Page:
It should be understood that the LTPP database is dynamic– data are continually checked and entered. This review and detailed assessment of the experiment represents a "snapshot" of the database and the Level E data at a particular point in time.
The report is subdivided into six chapters including the introduction. The second chapter is an overview of the status, as of 2000, of the SPS-5 experiment in comparison to the original experiment designs. The third chapter looks at the project requirements for each SPS-5 project. The fourth chapter is an overall summary of each project detailing the construction difficulties, experimental deviations, and data completeness; in other words, it summarizes each SPS-5 project that had been built (as of 2000), notes the data that are available for each project, and identifies construction difficulties and any data deficiencies. The fifth chapter presents an analysis of the initial observations of the key distress and performance indicators completed on a project-by-project basis and across the entire experiment. Chapter six summarizes effects that data deficiencies may have on the results that can be obtained from this experiment.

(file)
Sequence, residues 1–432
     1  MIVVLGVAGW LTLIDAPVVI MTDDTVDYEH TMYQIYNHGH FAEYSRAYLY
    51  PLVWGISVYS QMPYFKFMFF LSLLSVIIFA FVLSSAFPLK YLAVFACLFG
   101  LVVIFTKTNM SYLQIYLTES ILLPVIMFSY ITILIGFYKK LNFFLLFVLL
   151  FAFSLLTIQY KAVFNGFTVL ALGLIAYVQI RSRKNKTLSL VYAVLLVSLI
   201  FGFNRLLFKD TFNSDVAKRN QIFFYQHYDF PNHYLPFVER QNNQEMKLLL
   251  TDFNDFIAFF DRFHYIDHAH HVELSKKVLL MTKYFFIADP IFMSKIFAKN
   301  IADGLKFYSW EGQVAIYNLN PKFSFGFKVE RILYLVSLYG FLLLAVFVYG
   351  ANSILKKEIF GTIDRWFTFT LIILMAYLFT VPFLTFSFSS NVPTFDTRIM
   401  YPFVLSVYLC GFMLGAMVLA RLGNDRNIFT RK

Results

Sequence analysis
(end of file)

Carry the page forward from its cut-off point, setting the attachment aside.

More detailed information and data are provided in the appendices. Appendix A presents a summary of the construction and deviation reports, as well as other data elements that were available for each project. Appendix B presents a summary of the available construction data for each project.